The lotus mudra connects us to our anahata chakra (heart chakra), which resides in the centre of our chest. The mudra is designed to tap into the energetic qualities of the heart including compassion, acceptance, courage, forgiveness, and loving kindness. Practicing the lotus mudra, teaches us that if we stay rooted, even in the darkest and murkiest of places, we can move towards the light and become the best version of ourselves.
Here I am. In the lush and humid Ubud, Bali. The sense of spirit and spirituality is strong here. It’s in the people, and their daily ceremonial and ritual practices. It’s in the architecture, the temples and holy places that fill this tropical mountainous land. It’s in the nature, the holy springs, volcano, animals and insects, and the ponds of water filled with lotus flowers.
In Balinese culture, nature is drawn upon with spiritual significance. The beautiful lotus flower is regarded as the holiest.
The lotus symbolises perfection and purity. It thrives in muddy water, it’s seeds begin in the muckiest mud in some of the dirtiest and polluted waters of Bali. As the shoots grow out from the seed they reach for the sunlight. The sun represents ultimate truth and pure wisdom. Through the murky water, the beams of light from the sun appear unclear and bent. This represents the reflection of our mind waves (vrittis) when the lens of our consciousness(citta) is not clear. The bud continues to move towards the light. It rises from the muck and opens to expose an exquisite bloom, drinking in the sun. With the days end, it closes to return to the dirty water. The following day, it rises again, perfect and clean. Because of this life cycle, the lotus has long been associated with purity, divinity, and rebirth.
The journey of this sacred flower reflects the journey of the yogi. We are rooted in the earth, absorbed by the endless cycle of births, deaths, tragedies, celebrations, deadlines, bills, relationships, etc… Each time we roll out our yoga mat to practice; each time we move through the body, the breath, the poses and the mindfulness in class; there is the opportunity to connect. As we listen to and balance out our body, we begin to work through the dirt towards the light.
Avidya is a Sanskrit word from yogic philosophy meaning a lack of wisdom. There is this saying that ignorance is bliss. But, ignorance is one of the greatest obstacles on the yogic path towards bliss. Satcittananda is what the yogi ultimately practices for. Sat = pure. Citta = Consciousness. Ananda = Bliss. Pure and conscious blissfulness. In a yogic sense, liberation or bliss means to be fully awake and fully alive.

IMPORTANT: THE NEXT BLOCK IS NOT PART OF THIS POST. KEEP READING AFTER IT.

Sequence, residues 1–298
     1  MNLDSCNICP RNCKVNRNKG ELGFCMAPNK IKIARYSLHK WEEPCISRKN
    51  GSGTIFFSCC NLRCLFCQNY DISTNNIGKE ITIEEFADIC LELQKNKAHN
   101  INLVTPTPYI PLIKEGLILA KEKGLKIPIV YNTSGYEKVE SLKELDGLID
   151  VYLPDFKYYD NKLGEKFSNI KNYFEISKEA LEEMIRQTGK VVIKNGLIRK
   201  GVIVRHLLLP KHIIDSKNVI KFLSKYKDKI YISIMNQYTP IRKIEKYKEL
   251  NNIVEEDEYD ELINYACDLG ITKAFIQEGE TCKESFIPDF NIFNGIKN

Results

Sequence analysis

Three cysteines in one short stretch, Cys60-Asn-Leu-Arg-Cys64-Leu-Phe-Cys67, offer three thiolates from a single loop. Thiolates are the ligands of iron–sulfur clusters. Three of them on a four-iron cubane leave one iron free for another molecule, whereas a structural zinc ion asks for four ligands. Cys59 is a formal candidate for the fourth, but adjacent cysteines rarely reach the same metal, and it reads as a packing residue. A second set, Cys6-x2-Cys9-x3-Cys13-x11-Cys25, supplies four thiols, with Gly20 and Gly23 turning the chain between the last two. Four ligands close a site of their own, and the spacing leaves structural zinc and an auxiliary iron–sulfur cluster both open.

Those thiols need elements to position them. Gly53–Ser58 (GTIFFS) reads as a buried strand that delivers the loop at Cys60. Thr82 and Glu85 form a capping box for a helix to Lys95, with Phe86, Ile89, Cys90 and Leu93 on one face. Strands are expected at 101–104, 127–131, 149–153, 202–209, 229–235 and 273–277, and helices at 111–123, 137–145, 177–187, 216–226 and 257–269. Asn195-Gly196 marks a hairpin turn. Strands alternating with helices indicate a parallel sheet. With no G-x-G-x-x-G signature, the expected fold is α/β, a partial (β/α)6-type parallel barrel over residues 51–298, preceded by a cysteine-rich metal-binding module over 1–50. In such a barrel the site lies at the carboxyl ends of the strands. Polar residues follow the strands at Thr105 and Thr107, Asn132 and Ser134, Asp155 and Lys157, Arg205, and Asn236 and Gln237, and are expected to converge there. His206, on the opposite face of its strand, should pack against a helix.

In the physical practice, ignorance of our habits in our alignment is what leads to imbalance in the body or injury. A present practice with a beginners mindset is what allows us to wake up to our habits and practice effectively and safely. When we falsely identify ourselves with something other than our divine nature, this is also avidya. The body holds us, it listens to us and carries around this false identification.
What are you identifying with right now?
Your name? Your age? Your career? Your history, illness, injury, race, religion?
What is your “I am…” statement?
What are you identifying with?
Those words after the “I am..” are powerful. The body carries this for us.
When we work through the the physical practice, if we really listen, we begin to work through the dirt and muck of avidya towards the light of true knowledge and our divine nature.
This month I invite you to turn your focus away from any limiting “I am..” statements and to open yourself towards light and warmth. Maybe that is in the form of a friend checking in, or the help of a stranger, or something inspiring you’ve read, or a beautiful sunset. Allow yourself to open to that warmth and light, like the lotus flower opens to the sun each day. As you open to that warmth, you offer the gift of your purity and perfection.
By Sally Meredith